Telendra fought to find the words. 'I am a priestess,' she stammered. 'Of the Temple of Neios.'
'Neios?' demanded Kirkos.
'The God of Kings,' said Telendra. 'The Winged One. The Sceptre and the Crown...'
'There are no gods in these forests save the lords of the hunt!' retorted Kirkos. He advanced on her, spear in hand. Telendra pressed herself against the stone behind her.
He smelled of damp leaves and freshly-turned earth, a smell of nature and primal power. The strength seemed to roll off him in waves, the powerful build of his chest and arms, the glossy black flanks of his equine form. Those hind legs could kick through a wall, and the front hooves could crush a man into the earth. Telendra shivered at the sight of him standing over her.
'Please,' she said. 'I have fled from Brazen Keep. I am lost and alone. Have mercy.'
Kirkos stabbed the butt of his spear into the ground. 'No four-limbed wretch has seen these stones in a century,' he said. He glowered still, but the fatal anger had died down from his voice. 'And the last to look upon them was spitted at the forest's edge.'
'I had nowhere else to go. I had to rest.'
'And now? Will you be gone from this place? No, you will see what darkness lies in this forest's heart and return here, to shelter among that which is holy to another. Outsiders would bleed us dry if the Wild Hunt did not ride them down and hang their heads from the trees! Why should treat you any different?'
'I mean you no harm! Look, I am a priestess. See?' Telendra opened up the relic bag. Holy objects spilled out onto the grass. The Book of Thangrel, bound in golden shards from the armour of Neios' own champion. The hands of Saint Urtelen, perfectly preserved by the Crown God's grace. Implements of Neios' rituals, gilded and studded with emeralds. 'Is not a holy woman protected even here? The gods decreed that their messengers shall be inviolate.'
'Ha! Your gods! No winged lord ever handed us a kingdom.'
'But the higher laws are the higher laws.'
Kirkos knelt down, getting a better look at Telendra. She shrank away from him instinctively, as if he was a predator baring fangs. 'You are a long way from the temples where your laws hold sway.'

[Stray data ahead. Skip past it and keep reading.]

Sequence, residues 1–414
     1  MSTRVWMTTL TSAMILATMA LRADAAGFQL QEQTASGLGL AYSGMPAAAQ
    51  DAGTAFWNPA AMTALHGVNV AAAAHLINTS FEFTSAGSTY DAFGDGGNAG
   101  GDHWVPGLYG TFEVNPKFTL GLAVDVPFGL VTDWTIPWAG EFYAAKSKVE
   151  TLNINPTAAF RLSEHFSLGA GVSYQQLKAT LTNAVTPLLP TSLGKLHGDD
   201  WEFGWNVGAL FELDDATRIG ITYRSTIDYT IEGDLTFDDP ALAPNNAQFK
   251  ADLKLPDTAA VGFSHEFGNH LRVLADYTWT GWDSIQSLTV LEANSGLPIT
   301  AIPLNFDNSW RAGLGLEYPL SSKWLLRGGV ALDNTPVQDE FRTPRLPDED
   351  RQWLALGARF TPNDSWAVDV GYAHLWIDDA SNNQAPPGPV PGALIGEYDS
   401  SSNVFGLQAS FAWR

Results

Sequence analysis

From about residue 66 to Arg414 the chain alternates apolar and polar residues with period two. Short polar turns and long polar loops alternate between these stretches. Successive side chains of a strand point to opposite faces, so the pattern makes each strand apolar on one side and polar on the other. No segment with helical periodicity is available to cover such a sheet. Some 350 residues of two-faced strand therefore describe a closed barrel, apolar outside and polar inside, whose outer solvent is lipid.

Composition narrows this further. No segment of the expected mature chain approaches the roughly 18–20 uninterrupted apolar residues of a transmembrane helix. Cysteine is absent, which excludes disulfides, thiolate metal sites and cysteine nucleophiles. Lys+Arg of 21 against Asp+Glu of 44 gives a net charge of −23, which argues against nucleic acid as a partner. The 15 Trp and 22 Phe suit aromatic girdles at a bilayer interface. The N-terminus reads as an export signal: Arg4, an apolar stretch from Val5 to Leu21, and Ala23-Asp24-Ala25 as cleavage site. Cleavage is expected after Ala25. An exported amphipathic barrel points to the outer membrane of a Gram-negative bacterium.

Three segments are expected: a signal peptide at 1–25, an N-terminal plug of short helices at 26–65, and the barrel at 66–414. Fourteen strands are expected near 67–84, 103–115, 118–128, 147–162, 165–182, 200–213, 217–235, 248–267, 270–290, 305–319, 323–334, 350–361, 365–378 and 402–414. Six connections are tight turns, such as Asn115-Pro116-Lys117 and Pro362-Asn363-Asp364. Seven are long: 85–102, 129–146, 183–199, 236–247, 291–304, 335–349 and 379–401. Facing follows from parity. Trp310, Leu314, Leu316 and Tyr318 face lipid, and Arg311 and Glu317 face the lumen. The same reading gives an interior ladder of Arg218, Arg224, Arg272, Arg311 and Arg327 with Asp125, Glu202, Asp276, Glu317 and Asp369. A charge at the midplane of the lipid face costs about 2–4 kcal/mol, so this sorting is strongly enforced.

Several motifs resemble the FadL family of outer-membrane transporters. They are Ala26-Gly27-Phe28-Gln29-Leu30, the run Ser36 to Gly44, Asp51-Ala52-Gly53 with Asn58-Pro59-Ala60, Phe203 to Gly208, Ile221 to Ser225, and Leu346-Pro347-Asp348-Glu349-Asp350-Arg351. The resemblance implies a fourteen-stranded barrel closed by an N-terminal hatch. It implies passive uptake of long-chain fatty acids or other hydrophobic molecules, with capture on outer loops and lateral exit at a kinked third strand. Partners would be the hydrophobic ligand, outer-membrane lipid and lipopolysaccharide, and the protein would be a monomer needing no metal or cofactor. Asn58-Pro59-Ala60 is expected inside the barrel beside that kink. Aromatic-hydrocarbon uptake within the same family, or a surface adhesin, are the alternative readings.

'But you will not hurt me?'
'That remains to be seen.' Now he was closer Telendra could see old scars on his arms, hands worn tight and taut by warfare. For a moment she imagined the stories written across his skin, in the deep grey of his eyes.
'Your gods,' she said. 'Tell me of them.'
'The wild hunt?' Kirkos smiled. 'Warriors and killers! Skinners of prey! The autumn and the winter hunt side by side, the Red Mare and Lord Frost! Then the spring, King Dawn, and his lady Queen Thornfire, blaze through the forests their hoofprints aflame!' Kirkos's gaze had drifted away as he spoke. He looked at Telendra now, peering at her as if he had never seen a human before. Perhaps, thought Telendra, he hadn't.
'What of your god?' he said.
'Neios is the crowner of kings. The powerful pray to him. He builds the walls that keep our cities safe from the wilds. He shields us from evil.'
'Who rides with him?'
'No one. Neios is alone.'
Kirkos laughed. 'No god worthy of the name goes alone! How can holy fire blaze without a goddess on his arm? If your god knows no woman, how can he know anything?'
Telendra blushed and looked at the ground. The idea of the chaste Neios, the winged sentinel, cavorting with a flame-haired forest goddess was heretical. She might be flogged in the stocks for suggesting such a thing in the temple. Except the temple, of course, no longer existed. The invaders at Brazen Keep had burned it to the ground.